Zim imports 400k set-top boxes

George Maponga recently in Mberengwa
ZIMBABWE has started importing 400,000 television set-top boxes from China to enable locals to continue watching TV after switching from analogue to digital.

A set-top box enables a TV receiver to receive and decode digital television broadcasts and Zimbabwe is currently in the process of installing digital transmitters as the country battles to complete broadcasting digitalisation before year-end.

George Charamba, permanent secretary in the Ministry of Information, Media and Broadcasting Services, on Wednesday revealed that the government had already ordered the TV set-top boxes from Huawei in China as the country geared up for digitalisation.

Speaking during a tour of digital transmission site at Buchwa peak in Mberengwa, Charamba said testing of the TV set-top box was already underway to make sure Zimbabwe was not a dumping ground of poor quality equipment.

“For our people to be able to continue watching TV in their homes after we have completed the digitalisation programme, they need TV set-top boxes and we have already started importing them from China because we want them in the country long before the switch to digital broadcasting,’’he said.

“We’re currently testing the TV set-top boxes model that we want to use in this country because we want to set a certain standard. There will be tests and retests because we have had a situation in other countries in Africa that have switched to digitalisation and ended up being a dumping ground of sub-standard set-top boxes.”

Charamba said the government wanted Zimbabwe to have the right gadgets for accessing digital broadcasting, adding that the number of imported set-top boxes was four times the penetration rate of TV sets in Zimbabwe that was about 100,000.

He said the set-top boxes being imported from China would be sold at affordable prices to cater for the country’s rural population.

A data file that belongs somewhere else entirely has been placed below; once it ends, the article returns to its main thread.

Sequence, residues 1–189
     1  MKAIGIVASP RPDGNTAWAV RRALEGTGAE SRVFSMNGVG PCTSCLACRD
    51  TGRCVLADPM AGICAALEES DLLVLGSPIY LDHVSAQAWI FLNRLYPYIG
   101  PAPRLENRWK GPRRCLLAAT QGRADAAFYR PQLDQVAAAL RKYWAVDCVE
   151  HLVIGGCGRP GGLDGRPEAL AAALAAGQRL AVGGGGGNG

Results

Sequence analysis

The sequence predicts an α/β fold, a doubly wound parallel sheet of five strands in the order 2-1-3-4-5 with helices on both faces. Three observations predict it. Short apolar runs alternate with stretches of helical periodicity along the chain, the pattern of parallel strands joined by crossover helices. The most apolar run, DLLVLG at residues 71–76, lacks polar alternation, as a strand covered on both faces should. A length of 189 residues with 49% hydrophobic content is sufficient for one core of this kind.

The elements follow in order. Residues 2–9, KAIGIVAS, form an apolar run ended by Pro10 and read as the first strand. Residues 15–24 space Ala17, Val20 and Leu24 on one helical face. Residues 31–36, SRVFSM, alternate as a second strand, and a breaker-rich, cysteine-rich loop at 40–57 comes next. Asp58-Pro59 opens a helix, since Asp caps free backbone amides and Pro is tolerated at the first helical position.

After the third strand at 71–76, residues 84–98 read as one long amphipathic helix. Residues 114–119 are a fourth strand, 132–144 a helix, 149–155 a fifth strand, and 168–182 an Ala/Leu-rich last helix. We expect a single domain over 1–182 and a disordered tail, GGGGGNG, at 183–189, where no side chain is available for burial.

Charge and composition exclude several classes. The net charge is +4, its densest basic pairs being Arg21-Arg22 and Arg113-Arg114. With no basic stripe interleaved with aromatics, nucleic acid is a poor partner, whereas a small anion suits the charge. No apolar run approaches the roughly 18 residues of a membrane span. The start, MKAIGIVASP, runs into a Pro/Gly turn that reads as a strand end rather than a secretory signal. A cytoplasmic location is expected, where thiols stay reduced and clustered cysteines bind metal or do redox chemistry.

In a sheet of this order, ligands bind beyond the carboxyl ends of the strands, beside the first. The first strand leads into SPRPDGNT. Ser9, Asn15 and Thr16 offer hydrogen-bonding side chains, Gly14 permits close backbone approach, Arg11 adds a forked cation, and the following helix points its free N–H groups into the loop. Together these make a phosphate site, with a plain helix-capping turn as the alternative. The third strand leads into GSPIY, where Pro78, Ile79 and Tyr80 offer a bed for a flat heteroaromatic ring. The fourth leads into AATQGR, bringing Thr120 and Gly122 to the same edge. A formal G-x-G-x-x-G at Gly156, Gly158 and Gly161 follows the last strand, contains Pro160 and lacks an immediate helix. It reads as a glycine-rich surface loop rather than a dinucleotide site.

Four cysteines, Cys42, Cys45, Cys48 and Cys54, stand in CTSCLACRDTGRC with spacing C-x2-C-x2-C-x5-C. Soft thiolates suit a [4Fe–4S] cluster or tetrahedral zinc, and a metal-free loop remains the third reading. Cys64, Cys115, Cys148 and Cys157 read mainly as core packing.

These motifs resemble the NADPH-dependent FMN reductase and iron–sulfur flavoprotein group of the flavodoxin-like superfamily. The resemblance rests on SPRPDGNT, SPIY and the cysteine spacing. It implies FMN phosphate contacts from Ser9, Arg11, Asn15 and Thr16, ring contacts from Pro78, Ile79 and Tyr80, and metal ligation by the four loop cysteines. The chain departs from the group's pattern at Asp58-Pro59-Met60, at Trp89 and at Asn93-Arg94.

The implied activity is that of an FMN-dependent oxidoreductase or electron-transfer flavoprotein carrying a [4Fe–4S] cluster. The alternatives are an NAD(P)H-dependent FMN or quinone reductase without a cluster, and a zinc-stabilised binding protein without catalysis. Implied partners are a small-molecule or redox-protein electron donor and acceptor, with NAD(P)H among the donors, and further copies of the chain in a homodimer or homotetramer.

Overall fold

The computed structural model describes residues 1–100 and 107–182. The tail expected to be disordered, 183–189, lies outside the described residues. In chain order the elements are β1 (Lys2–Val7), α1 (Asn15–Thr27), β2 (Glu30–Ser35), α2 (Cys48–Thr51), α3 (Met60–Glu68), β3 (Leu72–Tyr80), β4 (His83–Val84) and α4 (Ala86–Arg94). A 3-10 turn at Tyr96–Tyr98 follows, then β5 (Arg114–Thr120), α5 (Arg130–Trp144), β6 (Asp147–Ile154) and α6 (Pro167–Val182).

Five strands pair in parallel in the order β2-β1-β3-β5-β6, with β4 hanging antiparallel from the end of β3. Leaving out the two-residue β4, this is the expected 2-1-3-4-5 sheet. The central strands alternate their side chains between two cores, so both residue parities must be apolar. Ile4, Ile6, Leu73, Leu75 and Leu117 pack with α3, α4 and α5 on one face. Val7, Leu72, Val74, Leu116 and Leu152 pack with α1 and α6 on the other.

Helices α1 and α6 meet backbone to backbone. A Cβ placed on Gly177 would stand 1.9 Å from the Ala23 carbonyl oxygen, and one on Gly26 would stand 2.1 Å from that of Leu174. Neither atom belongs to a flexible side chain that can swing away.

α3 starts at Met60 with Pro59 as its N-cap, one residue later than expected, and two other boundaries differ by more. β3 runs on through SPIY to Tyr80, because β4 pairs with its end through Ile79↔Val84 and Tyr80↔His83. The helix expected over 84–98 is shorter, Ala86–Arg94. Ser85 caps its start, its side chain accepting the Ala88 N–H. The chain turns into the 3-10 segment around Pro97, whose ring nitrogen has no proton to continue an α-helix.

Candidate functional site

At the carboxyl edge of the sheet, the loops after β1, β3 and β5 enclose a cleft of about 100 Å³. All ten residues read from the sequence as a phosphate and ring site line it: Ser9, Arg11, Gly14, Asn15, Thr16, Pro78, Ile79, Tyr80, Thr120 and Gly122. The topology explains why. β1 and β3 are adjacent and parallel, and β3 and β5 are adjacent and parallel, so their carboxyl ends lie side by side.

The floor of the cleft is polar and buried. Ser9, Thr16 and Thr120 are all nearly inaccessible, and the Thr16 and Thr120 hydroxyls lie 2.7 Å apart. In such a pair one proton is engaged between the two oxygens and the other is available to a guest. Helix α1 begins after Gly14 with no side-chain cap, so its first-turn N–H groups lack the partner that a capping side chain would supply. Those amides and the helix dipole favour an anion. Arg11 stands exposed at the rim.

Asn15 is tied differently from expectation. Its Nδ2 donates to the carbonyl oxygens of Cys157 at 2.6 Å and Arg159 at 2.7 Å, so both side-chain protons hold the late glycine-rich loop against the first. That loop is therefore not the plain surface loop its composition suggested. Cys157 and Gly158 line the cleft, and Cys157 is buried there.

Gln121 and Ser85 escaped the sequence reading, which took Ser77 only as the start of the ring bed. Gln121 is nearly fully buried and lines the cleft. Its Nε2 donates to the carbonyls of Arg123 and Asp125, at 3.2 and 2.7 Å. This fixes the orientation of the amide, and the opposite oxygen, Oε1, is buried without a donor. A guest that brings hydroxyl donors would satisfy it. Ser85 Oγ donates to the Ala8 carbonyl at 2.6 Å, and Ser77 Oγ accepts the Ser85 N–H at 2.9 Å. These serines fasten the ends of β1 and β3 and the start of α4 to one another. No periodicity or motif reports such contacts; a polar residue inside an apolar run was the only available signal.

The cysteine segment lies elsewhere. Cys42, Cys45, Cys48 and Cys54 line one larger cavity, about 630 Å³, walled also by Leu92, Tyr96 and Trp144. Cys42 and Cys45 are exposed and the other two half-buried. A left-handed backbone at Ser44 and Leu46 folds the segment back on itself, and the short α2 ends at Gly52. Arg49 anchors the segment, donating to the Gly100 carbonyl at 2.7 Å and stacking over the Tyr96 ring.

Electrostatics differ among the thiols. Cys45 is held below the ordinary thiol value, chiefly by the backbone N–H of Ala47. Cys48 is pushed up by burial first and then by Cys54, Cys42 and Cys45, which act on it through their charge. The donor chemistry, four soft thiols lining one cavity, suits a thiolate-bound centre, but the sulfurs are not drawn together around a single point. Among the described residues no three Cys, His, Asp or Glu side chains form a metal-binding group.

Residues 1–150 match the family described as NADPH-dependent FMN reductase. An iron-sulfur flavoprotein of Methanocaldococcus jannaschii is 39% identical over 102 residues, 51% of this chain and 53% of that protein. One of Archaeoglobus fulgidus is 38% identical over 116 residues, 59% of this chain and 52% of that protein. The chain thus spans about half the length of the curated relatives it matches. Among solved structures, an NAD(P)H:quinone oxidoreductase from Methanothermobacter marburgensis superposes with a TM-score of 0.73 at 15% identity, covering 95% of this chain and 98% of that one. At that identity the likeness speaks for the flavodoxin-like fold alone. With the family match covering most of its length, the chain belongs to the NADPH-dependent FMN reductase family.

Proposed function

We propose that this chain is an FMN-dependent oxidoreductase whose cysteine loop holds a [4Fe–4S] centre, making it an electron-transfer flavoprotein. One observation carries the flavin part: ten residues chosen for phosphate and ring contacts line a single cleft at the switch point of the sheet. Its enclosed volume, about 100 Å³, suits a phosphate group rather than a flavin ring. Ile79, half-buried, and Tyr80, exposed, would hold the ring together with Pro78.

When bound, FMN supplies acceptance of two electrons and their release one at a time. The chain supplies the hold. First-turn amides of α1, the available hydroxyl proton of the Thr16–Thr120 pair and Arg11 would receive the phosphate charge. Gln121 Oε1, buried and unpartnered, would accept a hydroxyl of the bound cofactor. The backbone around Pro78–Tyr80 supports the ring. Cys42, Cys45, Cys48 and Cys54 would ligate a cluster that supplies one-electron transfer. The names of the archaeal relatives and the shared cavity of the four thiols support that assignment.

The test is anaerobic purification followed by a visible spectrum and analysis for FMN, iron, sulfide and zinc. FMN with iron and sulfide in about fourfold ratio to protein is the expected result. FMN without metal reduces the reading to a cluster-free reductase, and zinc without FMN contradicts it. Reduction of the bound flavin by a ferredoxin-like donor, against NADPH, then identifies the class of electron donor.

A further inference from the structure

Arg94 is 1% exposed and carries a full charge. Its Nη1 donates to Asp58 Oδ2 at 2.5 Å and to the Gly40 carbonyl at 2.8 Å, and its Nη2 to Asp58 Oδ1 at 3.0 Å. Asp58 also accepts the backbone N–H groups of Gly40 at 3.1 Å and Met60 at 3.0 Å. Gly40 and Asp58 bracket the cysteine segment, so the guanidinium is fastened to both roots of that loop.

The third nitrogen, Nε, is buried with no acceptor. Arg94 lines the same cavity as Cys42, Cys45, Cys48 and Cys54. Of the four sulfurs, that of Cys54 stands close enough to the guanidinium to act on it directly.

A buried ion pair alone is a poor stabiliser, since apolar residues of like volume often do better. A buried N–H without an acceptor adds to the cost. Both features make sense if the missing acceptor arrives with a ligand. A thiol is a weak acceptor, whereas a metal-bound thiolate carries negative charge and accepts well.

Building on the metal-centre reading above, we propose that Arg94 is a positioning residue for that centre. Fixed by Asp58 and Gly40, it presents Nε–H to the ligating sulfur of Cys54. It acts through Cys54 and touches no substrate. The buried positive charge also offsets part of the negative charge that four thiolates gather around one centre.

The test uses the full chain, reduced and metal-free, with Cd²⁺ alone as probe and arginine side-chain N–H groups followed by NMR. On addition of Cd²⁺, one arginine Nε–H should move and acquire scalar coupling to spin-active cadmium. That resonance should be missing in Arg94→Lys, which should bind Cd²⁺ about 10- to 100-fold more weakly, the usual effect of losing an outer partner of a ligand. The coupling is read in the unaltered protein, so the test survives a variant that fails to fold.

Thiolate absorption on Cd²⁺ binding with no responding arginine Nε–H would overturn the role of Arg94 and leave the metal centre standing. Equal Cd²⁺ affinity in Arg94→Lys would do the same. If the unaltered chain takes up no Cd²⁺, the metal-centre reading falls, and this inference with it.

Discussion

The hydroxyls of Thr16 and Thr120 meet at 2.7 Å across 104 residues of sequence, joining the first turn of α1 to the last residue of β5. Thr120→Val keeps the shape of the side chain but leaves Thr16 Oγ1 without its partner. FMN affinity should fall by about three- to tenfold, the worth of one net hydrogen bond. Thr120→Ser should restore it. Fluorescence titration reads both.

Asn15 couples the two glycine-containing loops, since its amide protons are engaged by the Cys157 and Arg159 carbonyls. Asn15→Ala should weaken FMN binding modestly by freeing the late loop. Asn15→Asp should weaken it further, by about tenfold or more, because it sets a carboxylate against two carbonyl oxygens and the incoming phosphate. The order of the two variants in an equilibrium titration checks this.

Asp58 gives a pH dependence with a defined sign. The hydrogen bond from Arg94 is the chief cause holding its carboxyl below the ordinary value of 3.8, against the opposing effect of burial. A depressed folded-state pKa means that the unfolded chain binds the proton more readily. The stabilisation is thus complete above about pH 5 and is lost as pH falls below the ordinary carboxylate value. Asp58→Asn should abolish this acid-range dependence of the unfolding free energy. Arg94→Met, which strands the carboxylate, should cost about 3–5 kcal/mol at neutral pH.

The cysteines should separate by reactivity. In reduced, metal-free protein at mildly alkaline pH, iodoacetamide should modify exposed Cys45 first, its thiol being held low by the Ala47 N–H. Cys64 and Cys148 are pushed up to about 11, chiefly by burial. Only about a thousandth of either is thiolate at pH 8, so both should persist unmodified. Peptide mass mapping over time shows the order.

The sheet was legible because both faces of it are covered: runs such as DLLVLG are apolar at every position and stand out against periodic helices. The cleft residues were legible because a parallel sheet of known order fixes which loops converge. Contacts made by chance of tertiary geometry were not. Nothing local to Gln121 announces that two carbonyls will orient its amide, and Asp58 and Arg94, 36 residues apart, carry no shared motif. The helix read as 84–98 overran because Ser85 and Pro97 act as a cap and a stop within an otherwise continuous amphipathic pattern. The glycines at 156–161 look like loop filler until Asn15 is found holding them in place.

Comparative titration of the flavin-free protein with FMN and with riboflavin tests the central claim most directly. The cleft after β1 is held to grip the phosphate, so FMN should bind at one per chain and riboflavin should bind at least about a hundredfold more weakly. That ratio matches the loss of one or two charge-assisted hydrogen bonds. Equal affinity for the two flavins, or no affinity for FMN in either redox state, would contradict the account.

“We’ve been advised by the government that the set-top boxes that we’re importing should be subsidised so that they’re affordable especially to rural consumers. We’re quite aware of the need to make profit, but there’s a lot of money that will be made through the sale of broadcast airtime once we’ve digitalised,’’ he said.

Charamba said that customers who failed to pay for their licence fees and subscription fees would be switched off. The subscription fees are set to replace compulsory ZBC television licences.

Zimbabwe is modifying and installing broadcasting transmission infrastructure at various sites as the country prepares to switch to digitalisation that will result in improved television quality and reach.

After the digitalisation programme, most areas – especially along the country’s borders – that were not accessing local broadcasting services such as radio and TV will be fully serviced.

Said Charamba: “The 24 new digital transformers will be shipped into the country in batches of six while work on the 24 existing transmitters that will undergo some fine-tuning and slight changes will be continuing.

“We expect to start testing the digital transmitters by October, our target is to have completed most of the works that are sensitive to the weather before the onset of the rainy season. There are some activities that are going on in the studio right now and work on the head end system is almost complete.

“For the first time in the history of this country, we’re witnessing a new development model where development is starting from rural areas going to urban areas instead of the other way round. The rural area is getting priority for the first time because the digital transmitters will open up opportunities for access to Internet on facilities such as schools in rural areas.”

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